Dr. Ming Tiampo | PDF
Don’t They Ever Stop Migrating? consists of a single room made of fabric, a three-dimensional painting that swallows the viewer within its constructed world, and a dizzying swarm of brushstrokes laid down in ink (fig. 1). A sound collage of voices taken from Alfred Hitchcock’s The Birds (1963) provides a synaesthetic counterpoint, adding to the vertigo of experience with a maelstrom of whispered anxieties. “Where did you come from? What are you? What’s happening? I think you are the cause of all this! You’re frightening the children…” says a chorus of female voices, tinged with fear.
There are gaps in the sound collage, silences that allow the viewer to pause and take stock of the sheer splendour of the work that surrounds them. Absent the emotional manipulation of the panicked voices, the expressive beauty of each individual brushstroke emerges, and the painting’s soaring monumentality reveals an opening of worlds, rather than oppressive collapse. With each gust of passing wind, the painting flutters and changes shape, demonstrating how changes of context and perspective can irrevocably alter perception.
Importantly, in this increasingly partisan world, the work does not take sides but simply seeks to interrogate the affective dimensions of Othering at the core of the refugee crisis in today’s context of nationalist populism. As Yu commented, “I wanted to put the viewer in the position of witnessing mass migration and making them feel what we feel when we see a mass of unknown entities moving around.” Fundamentally, Yu’s work seeks to understand the fear that host populations feel about migrants, and to convey some of these anxieties to cosmopolitan Biennale audiences. At the same time, Yu uses a medium that is identifiably East Asian—ink on fabric—which asserts her rejection of a Western ideal as universal. In its place, she invites the viewer to enter into her world of complicated entanglements and to envision this space as a site of empathy and negotiation.
The work also encompasses a gendered dimension, as the archival fragments that make up the sound collage are exclusively female. In part reflecting Hitchcock’s own misogyny, the work also reveals the misogyny that underlies the rise of nationalist movements, which use sexual and gender politics to justify “protecting” native populations against the perceived sexual predators of other races.
At this moment of rising nationalist populism and increasing global hostility to migration and difference, Yu’s Don’t They Ever Stop Migrating? seems particularly prescient. When Yu first conceived of the installation in 2015, Europe was just beginning to respond to the increasing numbers of refugees entering the continent from Africa and the Middle East. Fittingly, the work itself has migrated. From its initial site in Venice, co-curated by Elisa Genna (Nuova Icona) and Ola Wlusek (Ottawa Art Gallery) at the Oratorio di San Ludovico, where it was seen in the context of Okwui Enwezor’s manifesto-exhibition All the World’s Futures, it circulated to The Rooms in St. John’s Newfoundland, and has now entered into the permanent collection of the Agnes Etherington Art Centre in Kingston, Ontario.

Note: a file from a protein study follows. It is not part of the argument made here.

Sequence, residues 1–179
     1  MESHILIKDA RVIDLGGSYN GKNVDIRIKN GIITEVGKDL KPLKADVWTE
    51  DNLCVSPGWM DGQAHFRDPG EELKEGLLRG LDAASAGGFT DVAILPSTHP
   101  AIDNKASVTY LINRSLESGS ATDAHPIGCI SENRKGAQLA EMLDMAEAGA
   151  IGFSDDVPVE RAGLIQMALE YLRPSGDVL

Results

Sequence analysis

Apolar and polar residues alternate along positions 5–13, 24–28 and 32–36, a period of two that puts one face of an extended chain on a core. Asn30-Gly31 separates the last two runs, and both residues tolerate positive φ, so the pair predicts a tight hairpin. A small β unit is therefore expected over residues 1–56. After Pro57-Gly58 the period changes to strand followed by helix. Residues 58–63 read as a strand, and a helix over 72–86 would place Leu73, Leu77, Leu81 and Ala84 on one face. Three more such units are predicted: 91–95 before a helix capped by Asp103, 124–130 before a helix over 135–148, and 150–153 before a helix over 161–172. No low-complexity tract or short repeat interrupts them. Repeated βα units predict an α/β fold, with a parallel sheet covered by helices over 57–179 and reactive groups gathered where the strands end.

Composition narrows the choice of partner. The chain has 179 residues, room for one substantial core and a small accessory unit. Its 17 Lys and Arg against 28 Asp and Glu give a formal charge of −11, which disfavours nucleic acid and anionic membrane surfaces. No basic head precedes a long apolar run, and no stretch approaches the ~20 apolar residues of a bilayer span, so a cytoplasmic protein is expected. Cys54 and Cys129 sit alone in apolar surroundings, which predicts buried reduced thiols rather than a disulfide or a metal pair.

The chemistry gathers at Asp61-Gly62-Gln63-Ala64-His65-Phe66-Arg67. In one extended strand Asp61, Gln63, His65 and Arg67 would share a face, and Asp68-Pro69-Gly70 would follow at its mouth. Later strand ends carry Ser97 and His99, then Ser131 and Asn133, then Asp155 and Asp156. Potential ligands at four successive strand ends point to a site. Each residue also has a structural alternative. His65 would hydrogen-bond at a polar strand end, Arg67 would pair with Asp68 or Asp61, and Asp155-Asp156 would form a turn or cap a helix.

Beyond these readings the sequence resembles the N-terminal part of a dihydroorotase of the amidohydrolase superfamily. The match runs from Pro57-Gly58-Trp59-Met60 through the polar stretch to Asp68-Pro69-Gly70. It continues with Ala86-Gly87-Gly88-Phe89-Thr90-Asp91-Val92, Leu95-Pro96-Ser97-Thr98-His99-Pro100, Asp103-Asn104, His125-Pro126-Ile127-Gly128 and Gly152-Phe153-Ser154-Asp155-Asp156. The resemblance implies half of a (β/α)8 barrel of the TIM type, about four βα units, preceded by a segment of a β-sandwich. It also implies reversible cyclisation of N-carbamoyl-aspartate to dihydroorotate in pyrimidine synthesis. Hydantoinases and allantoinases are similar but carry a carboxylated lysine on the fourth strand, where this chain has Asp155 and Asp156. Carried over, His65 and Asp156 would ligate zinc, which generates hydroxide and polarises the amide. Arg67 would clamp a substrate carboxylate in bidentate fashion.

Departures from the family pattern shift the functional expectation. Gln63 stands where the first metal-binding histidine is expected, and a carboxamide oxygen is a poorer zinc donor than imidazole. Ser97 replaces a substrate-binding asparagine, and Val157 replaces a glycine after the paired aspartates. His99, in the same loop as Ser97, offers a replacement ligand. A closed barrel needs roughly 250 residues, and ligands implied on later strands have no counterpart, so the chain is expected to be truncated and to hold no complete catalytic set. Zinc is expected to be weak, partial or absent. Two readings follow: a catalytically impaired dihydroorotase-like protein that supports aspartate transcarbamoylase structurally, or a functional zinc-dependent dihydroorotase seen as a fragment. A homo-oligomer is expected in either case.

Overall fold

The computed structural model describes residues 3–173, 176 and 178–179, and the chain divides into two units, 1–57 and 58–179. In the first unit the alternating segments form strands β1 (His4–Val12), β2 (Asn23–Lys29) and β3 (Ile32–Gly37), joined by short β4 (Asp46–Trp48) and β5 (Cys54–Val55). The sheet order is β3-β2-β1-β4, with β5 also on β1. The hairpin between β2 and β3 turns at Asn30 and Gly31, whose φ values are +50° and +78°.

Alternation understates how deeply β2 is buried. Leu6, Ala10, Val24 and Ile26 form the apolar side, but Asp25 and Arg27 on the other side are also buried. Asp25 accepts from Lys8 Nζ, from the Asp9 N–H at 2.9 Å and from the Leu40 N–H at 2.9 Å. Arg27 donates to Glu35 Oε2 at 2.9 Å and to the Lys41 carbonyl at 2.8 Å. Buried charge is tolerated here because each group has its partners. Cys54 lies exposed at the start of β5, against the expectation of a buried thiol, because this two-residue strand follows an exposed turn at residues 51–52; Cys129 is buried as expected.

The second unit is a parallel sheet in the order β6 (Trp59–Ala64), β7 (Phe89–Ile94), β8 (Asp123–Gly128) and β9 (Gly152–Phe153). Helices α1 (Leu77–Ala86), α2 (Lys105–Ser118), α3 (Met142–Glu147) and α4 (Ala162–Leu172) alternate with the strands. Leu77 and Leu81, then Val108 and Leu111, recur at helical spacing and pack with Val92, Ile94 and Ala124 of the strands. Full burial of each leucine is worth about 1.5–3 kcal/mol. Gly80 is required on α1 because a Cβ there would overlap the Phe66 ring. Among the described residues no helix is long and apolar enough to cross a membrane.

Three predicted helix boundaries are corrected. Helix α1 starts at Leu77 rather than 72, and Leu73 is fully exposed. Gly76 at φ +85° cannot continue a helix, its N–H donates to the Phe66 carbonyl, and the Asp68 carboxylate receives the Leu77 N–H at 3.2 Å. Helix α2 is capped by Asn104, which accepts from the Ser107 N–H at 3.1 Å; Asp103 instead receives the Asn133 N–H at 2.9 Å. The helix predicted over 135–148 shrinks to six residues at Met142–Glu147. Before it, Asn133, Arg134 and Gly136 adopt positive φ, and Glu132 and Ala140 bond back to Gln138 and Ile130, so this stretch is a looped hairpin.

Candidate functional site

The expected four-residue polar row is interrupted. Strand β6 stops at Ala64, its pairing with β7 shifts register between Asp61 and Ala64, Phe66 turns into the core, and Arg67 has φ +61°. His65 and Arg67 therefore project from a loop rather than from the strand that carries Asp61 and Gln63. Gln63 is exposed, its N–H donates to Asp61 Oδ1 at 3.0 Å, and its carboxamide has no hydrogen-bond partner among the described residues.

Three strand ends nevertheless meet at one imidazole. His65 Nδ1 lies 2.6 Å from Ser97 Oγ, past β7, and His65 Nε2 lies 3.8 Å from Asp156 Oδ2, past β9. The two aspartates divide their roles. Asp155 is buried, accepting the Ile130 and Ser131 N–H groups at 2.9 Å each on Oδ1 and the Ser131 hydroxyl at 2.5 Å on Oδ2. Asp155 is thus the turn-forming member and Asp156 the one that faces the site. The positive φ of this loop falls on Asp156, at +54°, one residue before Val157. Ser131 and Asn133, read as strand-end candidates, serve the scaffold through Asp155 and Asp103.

Don’t They Ever Stop Migrating? took on new significance in St. John’s, resonating in the Canadian context with the election of Prime Minister Justin Trudeau in October 2015, widely considered a rejection of the increasingly xenophobic policies championed by the previous governing party during its final days. In a brilliant curatorial move, Mireille Eagan (Curator of Contemporary Art at The Rooms) installed Don’t They Ever Stop Migrating? at the conclusion of her exhibition The Free World, a group show of Bulgarian artists who defected to Gander, Newfoundland as political refugees in the 1990s. While The Free World presented an uplifting story of immigrant success and the accomplishments of Canadian multiculturalism, Don’t They Ever Stop Migrating? reminded viewers to think beyond triumphalist narratives and Canadian exceptionalism to confront our own repressed fragilities and fears, what Yu calls the “raw emotion” elicited by the unknown. In the context of The Free World, Canadian audiences were invited to critically engage with both the fearful voices and the immigrants who “came from away,” opening complex pathways of empathy on both sides.
For artists, curators, and scholars struggling with the questions of “What is Asian Canadian visual culture?” and “Why study Asian Canadian visual culture?”, Jinny Yu’s work Don’t They Ever Stop Migrating? is an important case study. Eschewing essentialism and embracing solidarity, the work speaks from and not just about her subject position. The affective insights that she brings to complex questions of global importance demonstrate the subtle shifts and critical insights that embodied alterity brings to artistic practice, and the fundamental importance of pluralism and debate—not tokenistic inclusion—in public discourse.
Carleton University, Ottawa, Ontario, Canada
Ming Tiampo is Professor of Art History and Director of the Institute for Comparative Studies in Literature, Art and Culture at Carleton University in Ottawa, Canada. She is a scholar of transnational vanguardism with a focus on Japan after 1945.